Alcoholic liver disease or alcohol-related liver disease (ARLD) is a health condition that occurs due to heavy alcohol intake over a long period. It damages the liver while causing scarring, inflammation, and fat accumulation. There are three stages of ARLD based on your symptoms and the severity of the condition.
Regardless of the stage of your ARLD, the first step towards recovery is to stop drinking, followed by lifestyle changes, therapies, medications, and a liver transplant (in case of liver failure).
Alternate Name of Alcoholic Liver Disease
Alcohol-induced liver disease, Laennec's cirrhosis, alcoholic cirrhosis or hepatitis.
Alcoholic Liver Disease Stages
Fatty liver: When alcohol consumption is high, fatty acids are deposited in the liver. This condition is reversible, provided you abstain from drinking alcohol. Fatty liver may not cause any symptoms.
Alcoholic hepatitis: Alcoholic hepatitis is a severe state of alcoholic liver disease. Jaundice, high body temperature, enlarged liver, and high white blood cell count are common symptoms of the condition. Alcoholic hepatitis may cause cirrhosis if you do not stop drinking.
Liver Fibrosis or Cirrhosis: It is an end-stage liver condition in which your liver develops scar tissue due to chronic alcoholism. It can be life-threatening, and symptoms may include fatigue, loss of appetite, itchy skin, nausea, jaundice, weight loss, drowsiness or fluid in abdomen.
Alcoholic Liver Disease Causes
Drinking excessive alcohol is the most common cause of chronic liver disease. The more alcohol you consume, your chances of developing the condition increase. Alcohol misuse can lead to ARLD in two forms:
Binge drinking: Consuming too much alcohol within a short period. It is a leading cause of fatty liver and, rarely, alcoholic hepatitis.
Uncontrolled drinking: Consuming dangerous levels of alcohol over a prolonged period. It can lead to liver cirrhosis and hepatitis.
Alcoholic Liver Disease Symptoms
In most cases, the symptoms surface after the liver is considerably damaged. In case you do develop any early signs or symptoms, these may include the following:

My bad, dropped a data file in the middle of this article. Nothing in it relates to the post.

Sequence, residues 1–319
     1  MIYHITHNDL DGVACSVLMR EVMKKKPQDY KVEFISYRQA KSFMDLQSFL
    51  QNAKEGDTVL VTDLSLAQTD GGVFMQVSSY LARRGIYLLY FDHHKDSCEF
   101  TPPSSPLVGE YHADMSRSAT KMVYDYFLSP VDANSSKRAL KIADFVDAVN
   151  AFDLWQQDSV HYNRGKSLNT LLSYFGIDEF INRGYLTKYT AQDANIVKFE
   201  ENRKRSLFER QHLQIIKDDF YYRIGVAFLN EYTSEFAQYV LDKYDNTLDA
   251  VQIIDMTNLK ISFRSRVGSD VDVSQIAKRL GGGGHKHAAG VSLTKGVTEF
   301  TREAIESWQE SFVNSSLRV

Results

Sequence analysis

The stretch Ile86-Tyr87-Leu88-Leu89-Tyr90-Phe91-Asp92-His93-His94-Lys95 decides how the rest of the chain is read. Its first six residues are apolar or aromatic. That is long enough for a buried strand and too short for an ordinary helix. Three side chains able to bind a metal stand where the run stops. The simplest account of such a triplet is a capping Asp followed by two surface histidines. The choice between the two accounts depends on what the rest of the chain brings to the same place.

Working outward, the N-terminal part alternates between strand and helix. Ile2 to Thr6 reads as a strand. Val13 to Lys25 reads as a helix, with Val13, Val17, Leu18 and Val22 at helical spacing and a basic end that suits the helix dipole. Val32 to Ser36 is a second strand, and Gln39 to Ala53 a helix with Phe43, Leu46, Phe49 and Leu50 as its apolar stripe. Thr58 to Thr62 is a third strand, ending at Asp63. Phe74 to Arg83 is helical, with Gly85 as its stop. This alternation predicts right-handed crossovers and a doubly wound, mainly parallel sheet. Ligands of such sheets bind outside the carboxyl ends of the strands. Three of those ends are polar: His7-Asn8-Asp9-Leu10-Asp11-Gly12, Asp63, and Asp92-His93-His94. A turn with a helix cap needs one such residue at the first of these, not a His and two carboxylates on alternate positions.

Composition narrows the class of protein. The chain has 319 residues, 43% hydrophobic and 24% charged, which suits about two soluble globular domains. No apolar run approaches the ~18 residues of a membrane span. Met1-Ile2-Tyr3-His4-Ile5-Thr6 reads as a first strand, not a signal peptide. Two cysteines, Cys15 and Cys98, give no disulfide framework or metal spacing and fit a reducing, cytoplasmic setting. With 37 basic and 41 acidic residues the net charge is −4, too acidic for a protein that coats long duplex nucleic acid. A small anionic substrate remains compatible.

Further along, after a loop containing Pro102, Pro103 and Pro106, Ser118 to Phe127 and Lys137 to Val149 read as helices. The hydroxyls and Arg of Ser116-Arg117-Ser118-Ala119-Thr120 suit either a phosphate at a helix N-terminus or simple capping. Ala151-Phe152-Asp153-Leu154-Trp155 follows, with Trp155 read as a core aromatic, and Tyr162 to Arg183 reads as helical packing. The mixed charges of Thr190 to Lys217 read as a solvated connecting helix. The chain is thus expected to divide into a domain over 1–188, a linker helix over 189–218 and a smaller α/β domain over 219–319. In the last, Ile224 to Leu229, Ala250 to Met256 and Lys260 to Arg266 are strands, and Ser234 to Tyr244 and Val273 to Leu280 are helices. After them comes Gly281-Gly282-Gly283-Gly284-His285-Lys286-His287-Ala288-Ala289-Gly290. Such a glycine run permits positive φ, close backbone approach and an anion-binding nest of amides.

Not feeling well
Loss of appetite
Once the condition progresses, you may develop the following symptoms:
Black stool or bloody vomit due to internal bleeding
Increased sensitivity to various substances, including alcohol
Frequent bleeding gums or nosebleeds
Alcoholic Liver Disease Diagnosis
Typical tests to diagnose alcoholic liver disease
Your doctor may suggest tests like complete blood count (CBC), coagulation studies, liver function tests, abdominal CT scan, ultrasound, ultrasound elastography, and liver biopsy for diagnosing alcoholic liver disease.
Alcoholic Liver Disease Treatment
The key treatment options include the following:
Lifestyle changes like quitting alcohol consumption and a low-sodium diet can help you keep your liver disease in check.
Smoking and being overweight may aggravate your symptoms. So, quit smoking and maintain a healthy weight.
Your doctor may prescribe diuretics (water pills), vitamin K supplements, antibiotics, corticosteroids, probiotics, and stem cell therapy.
Some doctors may also recommend cognitive behaviour therapy (CBT) alongside medications to ease your symptoms.
Other treatments may include endoscopic treatments, paracentesis, and placing a transjugular intrahepatic portosystemic shunt (TIPS).
Drink in moderation. The National Institute on Alcohol Abuse and Alcoholism (NIAAA) has set guidelines to prevent alcoholic liver disease. It means consuming around one and two drinks for women and men, respectively, once they are 21 years old. Here, one drink equals 12 fluid ounces of beer with 5% alcohol content, 5 ounces of wine with 12% alcohol content, and 1.5 ounces of spirits with 40% alcohol content.
Do not mix alcohol with medications. Read the labels on the medicines carefully.
Beware of hepatitis . It is a virus-bound infectious liver condition.
Secondary prevention for alcoholic liver disease
After you have quit drinking alcohol, you are likely to need relapse prevention plans. These include the following:
Psychological therapy: This prevention technique lets you seek help from a therapist and share your feelings and thoughts. It is crucial for your overall well-being.
Medication: If psychological therapy does not work alone, your doctor may prescribe medicines like disulfiram, acamprosate, and naltrexone.
Expected Prognosis of Alcoholic Liver Disease
Alcoholic liver disease can be treated if diagnosed early (before severe liver damage has occurred). However, if you continue drinking, your lifespan may become short. Liver cirrhosis may aggravate your condition even more and cause life-threatening complications.
Natural Progression of Alcoholic Liver Disease
If you leave alcoholic liver disease untreated, it can lead to scarring of the organ over time. With new scar tissues replacing healthy ones, your liver becomes more damaged with decreased functionality. Moreover, it can also lead to liver failure and cancer.